want to be a streaming service. They definitely want to
be that replacement for cable.”
YouTube faces stiff competition from social media rivals
Facebook and Snap. Facebook is investing as much as $1
billion in original content this year and Snapchat is
hosting short-form content.
following YouTube’s original business model of selling
ads against free video content.
has the advantage of vast reach: Its audience is
estimated at nearly 1.6 billion people worldwide,
representing 66 percent of the world’s digital video
viewers, according to EMarketer. This year, YouTube is
expected to bring in roughly $9.5 billion in worldwide
ad revenue, up 22 percent from a year ago, according to
the research firm.
the video giant has faced some hurdles. Its music and
video subscription service YouTube Premium has changed
its name so many times that Verna says he’s had
“whiplash.” Advertisers slammed YouTube last year
when ads appeared next to videos supporting hate speech
and video creators then complained when ads on their
videos were stripped when YouTube algorithms deemed the
content inappropriate. YouTube said it would hire
thousands of content moderators to help sift through
businesses and individual video creators in Southern
California rely on YouTube for revenue. But some
analysts are skeptical about how sustainable that
business model is.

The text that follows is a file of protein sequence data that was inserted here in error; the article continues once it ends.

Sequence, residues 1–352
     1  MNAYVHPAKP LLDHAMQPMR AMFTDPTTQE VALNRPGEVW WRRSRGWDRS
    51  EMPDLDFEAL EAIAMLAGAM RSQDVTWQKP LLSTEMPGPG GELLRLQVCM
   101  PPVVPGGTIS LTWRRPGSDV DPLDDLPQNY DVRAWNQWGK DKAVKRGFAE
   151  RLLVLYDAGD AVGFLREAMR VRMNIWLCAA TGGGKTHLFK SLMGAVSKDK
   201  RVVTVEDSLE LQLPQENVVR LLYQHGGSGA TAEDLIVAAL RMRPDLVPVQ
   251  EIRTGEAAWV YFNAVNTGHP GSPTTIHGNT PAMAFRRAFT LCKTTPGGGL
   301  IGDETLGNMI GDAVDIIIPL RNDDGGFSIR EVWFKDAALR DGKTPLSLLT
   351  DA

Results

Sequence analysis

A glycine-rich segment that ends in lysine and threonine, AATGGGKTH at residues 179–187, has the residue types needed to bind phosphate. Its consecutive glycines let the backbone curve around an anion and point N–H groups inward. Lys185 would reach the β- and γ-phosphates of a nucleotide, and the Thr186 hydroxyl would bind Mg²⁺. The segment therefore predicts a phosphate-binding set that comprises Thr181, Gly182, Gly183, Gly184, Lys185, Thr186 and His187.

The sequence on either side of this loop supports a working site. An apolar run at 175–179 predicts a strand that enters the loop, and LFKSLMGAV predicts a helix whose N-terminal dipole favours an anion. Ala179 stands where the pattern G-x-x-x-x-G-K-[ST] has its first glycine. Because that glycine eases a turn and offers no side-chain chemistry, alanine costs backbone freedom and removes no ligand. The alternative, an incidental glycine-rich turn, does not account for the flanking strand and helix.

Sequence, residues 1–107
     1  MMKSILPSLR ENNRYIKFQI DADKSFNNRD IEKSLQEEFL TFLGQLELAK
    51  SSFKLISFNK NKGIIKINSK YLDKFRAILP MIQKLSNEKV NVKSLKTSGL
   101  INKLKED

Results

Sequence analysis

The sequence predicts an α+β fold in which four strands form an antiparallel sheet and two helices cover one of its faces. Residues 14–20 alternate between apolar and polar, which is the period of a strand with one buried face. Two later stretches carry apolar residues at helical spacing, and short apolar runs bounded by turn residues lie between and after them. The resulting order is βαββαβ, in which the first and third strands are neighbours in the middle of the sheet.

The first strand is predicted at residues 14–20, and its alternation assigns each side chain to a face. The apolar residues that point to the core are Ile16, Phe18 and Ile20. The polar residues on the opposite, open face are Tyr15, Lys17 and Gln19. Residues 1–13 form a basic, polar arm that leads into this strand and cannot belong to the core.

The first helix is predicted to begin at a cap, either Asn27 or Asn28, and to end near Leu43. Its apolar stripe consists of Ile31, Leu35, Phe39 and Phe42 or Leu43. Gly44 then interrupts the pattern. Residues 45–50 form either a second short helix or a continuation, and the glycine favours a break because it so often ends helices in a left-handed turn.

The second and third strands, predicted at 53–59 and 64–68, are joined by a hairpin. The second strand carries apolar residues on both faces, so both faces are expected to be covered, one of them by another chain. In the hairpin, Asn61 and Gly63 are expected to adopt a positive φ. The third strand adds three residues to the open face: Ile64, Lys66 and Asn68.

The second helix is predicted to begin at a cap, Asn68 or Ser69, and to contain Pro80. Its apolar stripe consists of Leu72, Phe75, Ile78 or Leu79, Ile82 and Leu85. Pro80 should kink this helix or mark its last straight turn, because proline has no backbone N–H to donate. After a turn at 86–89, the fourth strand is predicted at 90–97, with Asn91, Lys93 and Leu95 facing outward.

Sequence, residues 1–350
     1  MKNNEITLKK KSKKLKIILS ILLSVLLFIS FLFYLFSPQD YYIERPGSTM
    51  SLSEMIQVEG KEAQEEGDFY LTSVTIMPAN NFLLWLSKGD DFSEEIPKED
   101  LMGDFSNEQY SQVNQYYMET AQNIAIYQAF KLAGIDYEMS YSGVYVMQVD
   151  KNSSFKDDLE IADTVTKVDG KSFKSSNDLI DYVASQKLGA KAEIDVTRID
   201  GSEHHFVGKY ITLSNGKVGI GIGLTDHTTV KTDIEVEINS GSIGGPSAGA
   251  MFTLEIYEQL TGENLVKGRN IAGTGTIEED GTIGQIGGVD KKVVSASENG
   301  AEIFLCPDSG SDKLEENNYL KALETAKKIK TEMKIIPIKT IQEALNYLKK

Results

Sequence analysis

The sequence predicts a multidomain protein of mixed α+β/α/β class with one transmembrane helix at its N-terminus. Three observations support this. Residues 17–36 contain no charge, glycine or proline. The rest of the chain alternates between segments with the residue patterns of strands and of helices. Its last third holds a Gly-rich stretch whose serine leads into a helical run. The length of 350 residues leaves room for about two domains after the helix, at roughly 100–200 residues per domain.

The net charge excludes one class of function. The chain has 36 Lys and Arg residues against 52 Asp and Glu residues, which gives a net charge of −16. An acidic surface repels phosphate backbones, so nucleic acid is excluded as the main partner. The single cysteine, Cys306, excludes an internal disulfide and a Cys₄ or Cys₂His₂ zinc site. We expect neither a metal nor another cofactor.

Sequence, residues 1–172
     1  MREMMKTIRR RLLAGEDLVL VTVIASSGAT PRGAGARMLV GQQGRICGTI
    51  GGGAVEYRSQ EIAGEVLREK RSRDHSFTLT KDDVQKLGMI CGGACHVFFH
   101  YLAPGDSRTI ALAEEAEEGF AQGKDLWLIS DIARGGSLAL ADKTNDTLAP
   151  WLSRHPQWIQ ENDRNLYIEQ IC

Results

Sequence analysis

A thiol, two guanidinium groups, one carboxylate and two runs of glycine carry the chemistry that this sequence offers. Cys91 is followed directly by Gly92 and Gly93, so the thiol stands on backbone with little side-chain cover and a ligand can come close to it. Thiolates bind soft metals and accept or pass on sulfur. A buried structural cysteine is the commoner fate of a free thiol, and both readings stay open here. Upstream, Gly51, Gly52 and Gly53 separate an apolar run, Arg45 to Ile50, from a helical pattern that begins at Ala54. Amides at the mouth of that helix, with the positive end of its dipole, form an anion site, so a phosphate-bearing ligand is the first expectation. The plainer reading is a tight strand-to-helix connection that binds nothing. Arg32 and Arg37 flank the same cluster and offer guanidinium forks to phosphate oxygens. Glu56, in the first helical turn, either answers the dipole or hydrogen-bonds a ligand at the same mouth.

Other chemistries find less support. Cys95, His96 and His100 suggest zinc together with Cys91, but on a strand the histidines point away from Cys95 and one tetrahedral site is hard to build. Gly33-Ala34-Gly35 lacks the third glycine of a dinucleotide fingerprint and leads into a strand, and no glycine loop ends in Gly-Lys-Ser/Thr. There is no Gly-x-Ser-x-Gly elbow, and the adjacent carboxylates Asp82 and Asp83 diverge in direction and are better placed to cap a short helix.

now, YouTube has done really well because of the novelty
and the fact that this is the most widely accessible
platform for anybody who wants to create content and get
noticed,” Klowden said. “The question is, for many
of the people who do YouTube content, does it pay enough
to be a full-time job? It’s not clear that, for more
than a certain group, it does.”
remains bullish on the future. Chief Executive Susan
Wojcicki told Wired in a March interview that five years
from now YouTube will continue to “grow in the way it
has, with even more sets of video, even higher quality
of production, (with a) larger diverse set of content
from all over the world.”
for YouTube content continues to grow for companies like
Santa Monica-based Tastemade, which produces food and
travel videos for digital media platforms.
company, which began in 2012 with four employees, had
early success on YouTube with shows such as “Raw.
Vegan. Not Gross.” that quickly gained a global
following, said Oren Katzeff, Tastemade’s head of
programming. Today, the business employs about 150
month, Tastemade premiered one of its shows, “Basic
Versus Baller: Travel at Any Cost,” inside Playa
Vista’s original YouTube Space. But there weren’t
enough chairs in the theater for Tastemade’s 75
guests. That won’t be a problem in the spacious new
know how to create a great, welcoming-looking space,”